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Conversion from cyclosporine to sirolimus (SRL) after organ transplantation may improve renal function. The current study considers the effects of conversion during a 5-year period. Among 98 primary kidney recipients, 88 completed the study on cyclosporine (n = 59) or SRL (n = 29) treatment. Conversion to SRL was performed between 3 and 6 months post-transplantation. The serum creatinine level was tested on 1 day as well as 3, 6, 9, 12, 15, 18, 21, 24, 36, 48, and 60 months after transplantation. The data were analyzed using student t test, chi square, repeated measures, and a mixed model for multivariate analysis. The mean serum creatinine levels in the cyclosporine and SRL groups were 1.78 ± 0.68 and 1.62 ± 1.01, respectively (P = .04). Using repeated measure analysis, there was an interaction between time and the drug (P = .039). A separate comparison showed that serum creatinine levels were significantly different between the 2 groups at time points 11 and 12. Using multivariate analysis to control the possible effect of demographic or clinical features, we confirmed that conversion was the most significant explanation for the renal function improvement. Compared with cyclosporine, we observed a preference for SRL as the maintenance immunosuppressant after renal transplantation. Copyright © 2013 Elsevier Inc. All rights reserved.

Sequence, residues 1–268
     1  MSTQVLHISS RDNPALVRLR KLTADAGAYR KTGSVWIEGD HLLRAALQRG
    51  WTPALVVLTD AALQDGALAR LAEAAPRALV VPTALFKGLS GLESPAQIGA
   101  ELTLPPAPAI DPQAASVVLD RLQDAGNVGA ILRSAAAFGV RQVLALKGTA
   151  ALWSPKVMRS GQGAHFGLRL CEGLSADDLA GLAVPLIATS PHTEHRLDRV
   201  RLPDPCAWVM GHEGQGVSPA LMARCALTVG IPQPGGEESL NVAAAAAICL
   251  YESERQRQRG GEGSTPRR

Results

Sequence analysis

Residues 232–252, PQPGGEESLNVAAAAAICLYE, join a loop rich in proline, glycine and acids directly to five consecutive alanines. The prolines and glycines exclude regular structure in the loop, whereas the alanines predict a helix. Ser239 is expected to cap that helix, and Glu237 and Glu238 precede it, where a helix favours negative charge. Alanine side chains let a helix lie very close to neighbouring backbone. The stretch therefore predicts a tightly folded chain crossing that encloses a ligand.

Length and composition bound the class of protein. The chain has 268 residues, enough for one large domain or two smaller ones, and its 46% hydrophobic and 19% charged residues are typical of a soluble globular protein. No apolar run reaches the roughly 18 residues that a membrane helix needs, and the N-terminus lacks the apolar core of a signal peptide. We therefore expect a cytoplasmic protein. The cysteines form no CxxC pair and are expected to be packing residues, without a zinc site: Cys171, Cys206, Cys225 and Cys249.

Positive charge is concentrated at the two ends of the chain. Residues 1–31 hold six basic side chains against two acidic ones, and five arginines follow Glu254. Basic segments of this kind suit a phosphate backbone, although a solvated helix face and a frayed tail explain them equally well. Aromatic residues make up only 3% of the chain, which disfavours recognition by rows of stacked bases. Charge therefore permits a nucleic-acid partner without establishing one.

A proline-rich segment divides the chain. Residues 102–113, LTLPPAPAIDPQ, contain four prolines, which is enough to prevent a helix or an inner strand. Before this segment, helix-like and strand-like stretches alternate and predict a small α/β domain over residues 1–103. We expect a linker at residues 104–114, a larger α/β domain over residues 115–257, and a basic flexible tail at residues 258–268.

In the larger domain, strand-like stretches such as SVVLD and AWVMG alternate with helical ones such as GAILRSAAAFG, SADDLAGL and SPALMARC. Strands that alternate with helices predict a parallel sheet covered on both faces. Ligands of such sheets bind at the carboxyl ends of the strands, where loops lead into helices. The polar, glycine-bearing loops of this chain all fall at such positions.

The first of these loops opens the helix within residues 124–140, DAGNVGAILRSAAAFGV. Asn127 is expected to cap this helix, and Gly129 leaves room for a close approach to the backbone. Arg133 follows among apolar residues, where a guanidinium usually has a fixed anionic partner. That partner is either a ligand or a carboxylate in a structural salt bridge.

A R Soleimani, I Kamkar, H Nikoueinejad, A R Moraweji. Comparison of cyclosporine and sirolimus effects on serum creatinine level over five years after kidney transplantation. Transplantation proceedings. 2013 May;45(4):1644-7

PMID: 23726639

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